The increased emphasis is only on the bases and not at home plate. The focus is on infielders who drop a knee or leg down in front of a bag while receiving a throw, acting as a deterrence for aggressive baserunning and creating an increased risk of injuries.

“I think with everything, they’re trying to make the game a little safer to avoid some unnecessary injuries," Phillies shortstop Trea Turner said Friday at the team's facility in Florida. “The intentions are always good. It comes down to how it affects the players and the games. I’m sure there will be plays where one team doesn’t like it or one team does.”

With more position players arriving at spring training every day, the topic likely will come up more and more as teams ramp up for the season.

“We'll touch on that. We'll show them some video of what’s good and what’s not,” Texas Rangers manager Bruce Bochy said. “You know, it’s going to be a little adjustment.”

Making obstruction a point of emphasis fits in with an ongoing effort by MLB to create more action. Obstruction calls are not reviewable, which could lead to some disgruntled players and managers as enforcement is stepped up, but it also means it won't create long replay deliberations.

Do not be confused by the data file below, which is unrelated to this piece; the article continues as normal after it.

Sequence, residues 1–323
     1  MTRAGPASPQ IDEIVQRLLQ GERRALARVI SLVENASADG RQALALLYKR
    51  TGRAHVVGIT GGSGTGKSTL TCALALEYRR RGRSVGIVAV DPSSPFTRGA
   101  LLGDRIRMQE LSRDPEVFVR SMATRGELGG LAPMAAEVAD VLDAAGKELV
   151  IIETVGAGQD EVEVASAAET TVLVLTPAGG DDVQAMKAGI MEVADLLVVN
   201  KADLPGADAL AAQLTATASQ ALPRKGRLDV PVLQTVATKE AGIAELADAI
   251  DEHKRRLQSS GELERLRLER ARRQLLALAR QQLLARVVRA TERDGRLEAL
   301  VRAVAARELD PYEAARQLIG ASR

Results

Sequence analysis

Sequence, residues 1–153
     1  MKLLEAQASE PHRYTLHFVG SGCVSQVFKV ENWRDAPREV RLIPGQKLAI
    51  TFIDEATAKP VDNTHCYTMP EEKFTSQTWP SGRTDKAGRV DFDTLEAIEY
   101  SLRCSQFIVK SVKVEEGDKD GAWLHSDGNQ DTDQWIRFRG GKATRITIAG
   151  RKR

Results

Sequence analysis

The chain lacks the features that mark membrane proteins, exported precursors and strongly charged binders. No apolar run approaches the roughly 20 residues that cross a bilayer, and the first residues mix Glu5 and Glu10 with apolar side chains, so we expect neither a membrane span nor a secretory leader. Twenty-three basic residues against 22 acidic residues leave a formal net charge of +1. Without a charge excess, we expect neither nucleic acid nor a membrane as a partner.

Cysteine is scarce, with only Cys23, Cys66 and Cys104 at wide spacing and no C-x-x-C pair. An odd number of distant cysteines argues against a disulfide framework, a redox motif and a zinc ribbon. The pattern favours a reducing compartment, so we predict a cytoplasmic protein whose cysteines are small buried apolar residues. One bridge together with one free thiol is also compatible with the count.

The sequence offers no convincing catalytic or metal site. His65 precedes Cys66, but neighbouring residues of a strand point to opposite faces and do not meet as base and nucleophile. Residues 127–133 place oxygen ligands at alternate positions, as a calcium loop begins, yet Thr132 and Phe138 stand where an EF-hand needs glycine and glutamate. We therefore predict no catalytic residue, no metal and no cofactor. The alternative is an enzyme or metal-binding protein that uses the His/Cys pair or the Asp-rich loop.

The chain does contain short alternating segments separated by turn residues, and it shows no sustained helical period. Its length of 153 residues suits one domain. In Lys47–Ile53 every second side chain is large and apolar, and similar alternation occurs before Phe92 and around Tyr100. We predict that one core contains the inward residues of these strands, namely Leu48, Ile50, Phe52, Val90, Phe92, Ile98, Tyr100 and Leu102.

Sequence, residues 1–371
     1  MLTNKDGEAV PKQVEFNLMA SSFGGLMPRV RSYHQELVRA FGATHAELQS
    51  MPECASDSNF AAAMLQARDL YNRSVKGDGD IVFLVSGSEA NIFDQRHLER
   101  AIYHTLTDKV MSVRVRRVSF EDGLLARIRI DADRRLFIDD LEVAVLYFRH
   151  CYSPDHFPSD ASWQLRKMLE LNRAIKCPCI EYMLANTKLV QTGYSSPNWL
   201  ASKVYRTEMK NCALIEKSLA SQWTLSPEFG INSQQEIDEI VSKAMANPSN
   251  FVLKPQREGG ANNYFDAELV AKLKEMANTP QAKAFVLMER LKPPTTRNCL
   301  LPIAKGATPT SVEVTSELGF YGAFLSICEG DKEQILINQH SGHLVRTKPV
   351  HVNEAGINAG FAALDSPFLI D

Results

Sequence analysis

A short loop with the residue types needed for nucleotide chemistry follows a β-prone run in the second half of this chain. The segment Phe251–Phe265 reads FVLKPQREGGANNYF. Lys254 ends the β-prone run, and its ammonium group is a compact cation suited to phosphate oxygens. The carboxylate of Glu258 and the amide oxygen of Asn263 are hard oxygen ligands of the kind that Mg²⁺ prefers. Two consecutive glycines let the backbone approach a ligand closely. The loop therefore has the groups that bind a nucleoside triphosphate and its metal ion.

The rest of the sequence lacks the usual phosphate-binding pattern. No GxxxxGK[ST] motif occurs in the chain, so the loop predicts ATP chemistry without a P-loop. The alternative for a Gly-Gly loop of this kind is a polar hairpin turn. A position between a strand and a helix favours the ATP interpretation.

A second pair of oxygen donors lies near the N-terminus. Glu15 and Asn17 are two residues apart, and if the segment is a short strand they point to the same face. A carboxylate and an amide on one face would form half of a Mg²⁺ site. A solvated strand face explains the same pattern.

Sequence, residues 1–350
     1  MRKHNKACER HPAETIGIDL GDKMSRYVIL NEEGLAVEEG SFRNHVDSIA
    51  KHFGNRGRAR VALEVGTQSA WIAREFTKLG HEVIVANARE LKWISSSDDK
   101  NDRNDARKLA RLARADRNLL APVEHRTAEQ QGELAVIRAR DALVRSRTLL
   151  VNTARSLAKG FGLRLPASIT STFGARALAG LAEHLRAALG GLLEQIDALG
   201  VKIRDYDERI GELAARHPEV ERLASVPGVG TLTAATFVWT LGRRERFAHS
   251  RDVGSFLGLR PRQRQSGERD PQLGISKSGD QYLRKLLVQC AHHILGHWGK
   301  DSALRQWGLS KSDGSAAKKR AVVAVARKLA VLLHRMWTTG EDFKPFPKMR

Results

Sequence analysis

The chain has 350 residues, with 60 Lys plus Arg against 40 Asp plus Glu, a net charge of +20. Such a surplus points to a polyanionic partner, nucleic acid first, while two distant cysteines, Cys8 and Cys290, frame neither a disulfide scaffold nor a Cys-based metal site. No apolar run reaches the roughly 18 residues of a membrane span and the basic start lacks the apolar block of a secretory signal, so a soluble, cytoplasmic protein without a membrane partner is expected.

A package of rule changes last season — including pitch clocks, bigger bases and limits on defensive shifts and pickoff attempts — had a dramatic effect. There were 3,503 stolen bases in the regular season, up from 2,486 in 2022 and the most since 1987.

MLB changed a different baserunning rule this offseason, widening the runner’s lane approaching first base to include a portion of fair territory. MLB also shortened the pitch clock with runners on base by two seconds to 18 and further reducing mound visits in an effort to speed games.

“Last year, you know, a lot of our preparation was around like, especially just the unknown of the clock and making sure like we’re really buttoned up on that," New York Yankees manager Aaron Boone said. "These guys are so used to it in so many ways that sometimes I even forget.”

Increased enforcement could lead to more action on the basepaths. But a significant element of MLB's motivation is injury prevention.

Top players have hurt hands or wrists on headfirst slides into bases blocked by a fielder. White Sox slugger Luis Robert Jr. sprained his left wrist when he slid into Jonathan Schoop's lower left leg on a steal attempt during an August 2022 game against Detroit.

“It’s been happening for a while. It’s been getting out of control," Boston Red Sox manager Alex Cora said. “I know some of the players complained about it the last two years.”

While acknowledging his reputation as a significant offender, Phillies second baseman Bryson Stott didn't sound too worried about his play.

“We like to fight for outs at second base,” he said. "It’s never on purpose, blocking the base. For me, or someone covering second to the shortstop side, it’s a natural move for your knee to go down to reach the ball. It’s never intentional. I guess we’ll figure out how to maneuver around that.”